We Be Jammin’: Blackberry Jam Made Easy

Easy Blackberry Jam Recipe

There is a reason you don’t often see recipes posted here: I’m a disaster in the kitchen. In fact, I’d rather be scrubbing toilets than preparing a meal. It’s just not my thing, as demonstrated clearly in this previous post. However, at the very moment my little Z and I are enjoying a breakfast of English muffins smothered in fresh, homemade blackberry jam. That should speak volumes to how easy this recipe for canning blackberry jam is.

Eating homemade blackberry jam

If you follow this blog, you also know how I prefer to use natural, healthy ingredients whenever possible, and this jam is no exception. Yes, there is sugar, but I choose to use natural Turbinado sugar. I have also experimented to decrease the amount of sugar to the least possible that still makes the perfect jam consistency. Not too runny, and not like a hard lump of sugar gel, either. Are you ready for this?

homemade Blackberry jam

What You’ll Need

  • At least 9 cups of fresh blackberries
  • 2.5 cups sugar (I use natural turbinado sugar)
  • 6 tsp Lemon juice
  • Large stock pot
  • Large stirring, scooping spoon
  • Colander or sieve (whatever you kids are calling them these days)
  • Canning jars with unused lids and rings (I use 500-ml mason jars, but you could go smaller or bigger)
  • Tongs
  • Cooling rack


Some Notes on Making Blackberry Jam

You’ll notice there’s no pectin in my jam. Pectin helps to thicken foods like jams and jellies. I prefer not to use it, as blackberries already contain enough naturally occurring pectin. However, if you freeze fruit and berries, the natural pectin is compromised and your pies and jams won’t naturally gel the way you want them to. So only use fresh blackberries for you blackberry jam, at a maximum of 3 days from when you picked them.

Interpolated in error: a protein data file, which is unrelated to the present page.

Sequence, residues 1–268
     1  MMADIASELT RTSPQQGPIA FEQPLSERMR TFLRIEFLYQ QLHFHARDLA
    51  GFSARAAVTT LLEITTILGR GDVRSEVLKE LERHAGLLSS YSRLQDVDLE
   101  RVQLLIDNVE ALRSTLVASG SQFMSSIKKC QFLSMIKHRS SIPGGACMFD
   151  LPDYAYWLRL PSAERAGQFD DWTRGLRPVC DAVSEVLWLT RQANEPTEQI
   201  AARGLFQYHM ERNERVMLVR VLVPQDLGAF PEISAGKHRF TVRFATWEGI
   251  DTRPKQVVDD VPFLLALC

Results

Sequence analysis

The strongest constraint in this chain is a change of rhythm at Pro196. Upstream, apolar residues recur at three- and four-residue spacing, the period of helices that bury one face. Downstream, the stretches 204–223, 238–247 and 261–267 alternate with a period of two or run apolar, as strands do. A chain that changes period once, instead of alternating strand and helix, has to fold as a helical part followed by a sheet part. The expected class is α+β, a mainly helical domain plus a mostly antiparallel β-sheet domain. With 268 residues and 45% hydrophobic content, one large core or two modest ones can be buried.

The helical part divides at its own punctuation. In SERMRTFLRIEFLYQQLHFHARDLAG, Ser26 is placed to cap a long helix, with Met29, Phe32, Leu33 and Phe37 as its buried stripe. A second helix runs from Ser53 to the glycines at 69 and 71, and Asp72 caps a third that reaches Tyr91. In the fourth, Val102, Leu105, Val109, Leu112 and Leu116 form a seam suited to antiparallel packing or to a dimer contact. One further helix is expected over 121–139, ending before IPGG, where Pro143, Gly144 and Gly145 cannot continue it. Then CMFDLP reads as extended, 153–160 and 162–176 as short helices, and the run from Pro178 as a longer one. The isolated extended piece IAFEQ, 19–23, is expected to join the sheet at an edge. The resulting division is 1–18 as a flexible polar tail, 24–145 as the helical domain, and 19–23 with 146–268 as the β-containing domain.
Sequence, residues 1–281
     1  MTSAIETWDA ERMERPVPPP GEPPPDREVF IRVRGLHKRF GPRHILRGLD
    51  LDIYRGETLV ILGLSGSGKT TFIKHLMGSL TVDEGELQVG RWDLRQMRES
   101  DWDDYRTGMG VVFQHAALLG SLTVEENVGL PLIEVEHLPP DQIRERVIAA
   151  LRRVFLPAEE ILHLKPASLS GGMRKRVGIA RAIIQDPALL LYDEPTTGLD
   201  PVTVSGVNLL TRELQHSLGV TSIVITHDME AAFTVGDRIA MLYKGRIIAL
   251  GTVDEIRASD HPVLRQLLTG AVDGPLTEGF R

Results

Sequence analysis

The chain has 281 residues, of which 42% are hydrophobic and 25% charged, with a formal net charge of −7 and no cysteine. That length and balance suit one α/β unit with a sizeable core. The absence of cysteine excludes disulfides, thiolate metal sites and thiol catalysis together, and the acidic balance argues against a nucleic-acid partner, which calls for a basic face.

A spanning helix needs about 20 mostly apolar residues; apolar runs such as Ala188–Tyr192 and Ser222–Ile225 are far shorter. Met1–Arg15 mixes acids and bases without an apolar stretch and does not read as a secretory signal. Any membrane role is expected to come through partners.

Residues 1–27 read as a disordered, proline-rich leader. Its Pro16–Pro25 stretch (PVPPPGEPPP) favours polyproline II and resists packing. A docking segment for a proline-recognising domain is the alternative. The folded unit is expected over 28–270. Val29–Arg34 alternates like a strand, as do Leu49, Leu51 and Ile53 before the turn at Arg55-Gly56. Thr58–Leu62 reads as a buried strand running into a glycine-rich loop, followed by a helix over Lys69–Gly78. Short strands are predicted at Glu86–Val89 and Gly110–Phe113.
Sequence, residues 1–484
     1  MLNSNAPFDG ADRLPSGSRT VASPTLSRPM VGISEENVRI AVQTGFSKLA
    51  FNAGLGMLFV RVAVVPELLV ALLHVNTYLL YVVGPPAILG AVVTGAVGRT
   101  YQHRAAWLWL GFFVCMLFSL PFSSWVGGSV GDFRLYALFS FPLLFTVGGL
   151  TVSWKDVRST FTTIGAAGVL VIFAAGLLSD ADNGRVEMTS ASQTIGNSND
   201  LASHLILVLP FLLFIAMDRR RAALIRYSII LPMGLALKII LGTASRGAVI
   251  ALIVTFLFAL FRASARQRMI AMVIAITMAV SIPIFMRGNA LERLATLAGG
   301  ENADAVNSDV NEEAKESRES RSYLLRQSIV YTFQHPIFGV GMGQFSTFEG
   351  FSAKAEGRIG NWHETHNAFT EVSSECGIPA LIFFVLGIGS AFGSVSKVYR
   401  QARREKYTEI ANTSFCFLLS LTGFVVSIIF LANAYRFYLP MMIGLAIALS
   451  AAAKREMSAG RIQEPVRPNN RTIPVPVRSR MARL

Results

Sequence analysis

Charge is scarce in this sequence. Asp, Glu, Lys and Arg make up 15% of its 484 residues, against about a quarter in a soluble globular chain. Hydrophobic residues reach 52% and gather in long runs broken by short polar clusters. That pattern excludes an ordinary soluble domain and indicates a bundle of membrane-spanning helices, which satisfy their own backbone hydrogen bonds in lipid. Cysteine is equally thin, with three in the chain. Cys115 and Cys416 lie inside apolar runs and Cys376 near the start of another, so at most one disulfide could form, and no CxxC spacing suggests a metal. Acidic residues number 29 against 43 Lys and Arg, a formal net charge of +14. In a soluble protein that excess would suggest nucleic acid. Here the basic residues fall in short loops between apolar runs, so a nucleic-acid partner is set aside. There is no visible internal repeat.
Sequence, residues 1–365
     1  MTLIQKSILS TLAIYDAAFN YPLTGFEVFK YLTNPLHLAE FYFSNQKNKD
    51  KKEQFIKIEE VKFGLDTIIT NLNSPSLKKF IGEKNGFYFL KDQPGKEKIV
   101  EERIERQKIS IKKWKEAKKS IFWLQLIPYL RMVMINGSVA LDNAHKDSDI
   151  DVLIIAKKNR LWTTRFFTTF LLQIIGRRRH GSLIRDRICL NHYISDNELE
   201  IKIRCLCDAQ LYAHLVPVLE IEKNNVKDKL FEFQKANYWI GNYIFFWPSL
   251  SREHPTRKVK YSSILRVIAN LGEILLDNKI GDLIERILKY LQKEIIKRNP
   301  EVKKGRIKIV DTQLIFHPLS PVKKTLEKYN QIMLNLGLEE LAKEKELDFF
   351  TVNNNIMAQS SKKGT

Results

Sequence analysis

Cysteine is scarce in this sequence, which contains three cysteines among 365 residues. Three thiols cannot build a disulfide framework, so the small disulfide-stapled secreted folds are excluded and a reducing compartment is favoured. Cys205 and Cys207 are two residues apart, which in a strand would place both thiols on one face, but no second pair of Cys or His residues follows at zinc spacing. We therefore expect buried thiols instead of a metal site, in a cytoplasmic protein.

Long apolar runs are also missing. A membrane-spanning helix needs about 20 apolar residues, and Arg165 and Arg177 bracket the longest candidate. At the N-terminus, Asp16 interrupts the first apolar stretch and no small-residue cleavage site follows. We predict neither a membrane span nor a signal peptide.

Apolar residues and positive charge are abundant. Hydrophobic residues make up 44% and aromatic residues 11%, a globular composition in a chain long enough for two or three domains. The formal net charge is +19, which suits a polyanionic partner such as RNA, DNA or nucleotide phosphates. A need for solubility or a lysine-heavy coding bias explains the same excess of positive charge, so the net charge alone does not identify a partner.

It’s hard to test the consistency of jam while it’s cooking, so pop a plate into the freezer to get nice and cold. As you cook and wonder over and over if your jam is ready yet, you can test a drop of the jam on the frozen plate and see how it gels up.

Making jam properly is time sensitive. You’ll want to move quick once everything is ready to go in the jars, so make sure you’re all ready for that and are free of distractions. It definitely helps to have another adult around to help keep little ones from getting too close or pulling on your leg to request Llama Llama Red Pajama be read for the twenty-seventh time that day.

Easy Homemade Blackberry Jam Without Pectin
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Super Easy Blackberry Jam Recipe

Step 1: Pick a ton of blackberries. This step seems to prove vitally important. You’ll need 9 cups of blackberries to make about 3 500-ml mason jars of jam (I ended up with a bit less, but I filled the first two jars really full). So find yourself a wicked blackberry patch or two, grab a few large containers you have lying around (juice jugs make an ideal, easy-to-hold container) and go nuts.

blackberries for blackberry jam

picking blackberries
For the very little ones, these no-spill containers make a great berry picking tool.

Step 2: Pull out your previously acquired canning jars (I’ve been slowly working through the huge collection I have still from our laid-back wedding) and wash them with soapy water. This is especially fun when you don’t have a kitchen sink due to renovations and have to haul your water and dishes outside. Once they’re all washed and rinsed, let them air dry.